The magazine began as a newsletter that was launched by Harvard University alum Dave Mays. He and his former roommate, Jonathan Shecter, the magazine’s original editor, co-hosted a Rap radio show called Street Beat at their alma mater’s WHRB 95.3 FM radio station since their freshman year in 1986. They launched The Source as a newsletter to list their most-played songs in the mix-show’s rotation as a form of taste-making. In addition to a news and happenings column, the periodical became a mailing list for listeners who shopped in the Boston area’s few stores that sold Rap records including Skippy White’s, Spin City, and Mattapan Music.
Previously, R&B-focused mags had given profiles to commercial Rap stars such as LL Cool J, Kool Moe Doe, Whodini, and Run-D.M.C. Spin had notably put The Beastie Boys on its cover in 1987. However, The Source devoted all of its real estate (small and large) to Hip-Hop, and audiences responded. This month, founder Dave Mays shared the first newsletter issue (August, 1988. Volume 1, Issue 1):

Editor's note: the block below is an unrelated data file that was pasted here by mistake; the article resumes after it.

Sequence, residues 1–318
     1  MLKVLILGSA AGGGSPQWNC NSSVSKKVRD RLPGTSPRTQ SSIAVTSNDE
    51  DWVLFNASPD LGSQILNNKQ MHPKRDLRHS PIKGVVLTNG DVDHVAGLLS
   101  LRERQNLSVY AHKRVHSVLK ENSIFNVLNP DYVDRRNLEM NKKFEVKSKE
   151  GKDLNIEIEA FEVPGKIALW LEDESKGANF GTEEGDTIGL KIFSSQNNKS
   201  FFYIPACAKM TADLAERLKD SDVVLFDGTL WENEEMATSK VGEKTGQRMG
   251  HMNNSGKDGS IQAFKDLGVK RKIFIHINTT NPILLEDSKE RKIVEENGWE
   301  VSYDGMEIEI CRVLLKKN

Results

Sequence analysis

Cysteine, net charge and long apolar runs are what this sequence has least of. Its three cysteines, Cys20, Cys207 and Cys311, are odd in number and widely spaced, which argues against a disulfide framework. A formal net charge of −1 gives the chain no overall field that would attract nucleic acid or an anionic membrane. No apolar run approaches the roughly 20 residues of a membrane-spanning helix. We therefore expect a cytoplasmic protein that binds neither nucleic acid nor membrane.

Public Enemy, Chill Rob G, Stetsasonic, Kool G Rap & DJ Polo, MC Lyte, Eric B. & Rakim, EPMD, Ultramagnetic MC’s and others were listed in the inaugural “Hot Picks.” Mays co-authors the “Inside Scoop” column with Jackie Paul. MC Tee’s Mantronix exit and a breakup between LL and DJ Bobcat were front-page news, long before the mag sprawled to more than 100 pages. The column also describes an impromptu battle between Grandmaster Melle Mel of the Furious Five and Mikey D of The L.A. Posse (and later, Main Source) at the 1988 Battle For World Supremacy. That same night, DJ Mr. Magic reportedly doused a battle contestant with water after he was not given a mic or an impromptu seat to judge the affair. A pre-Cactus Album MC Serch is mentioned, along with some ground-floor support for De La Soul’s “Jenifa Taught Me” single.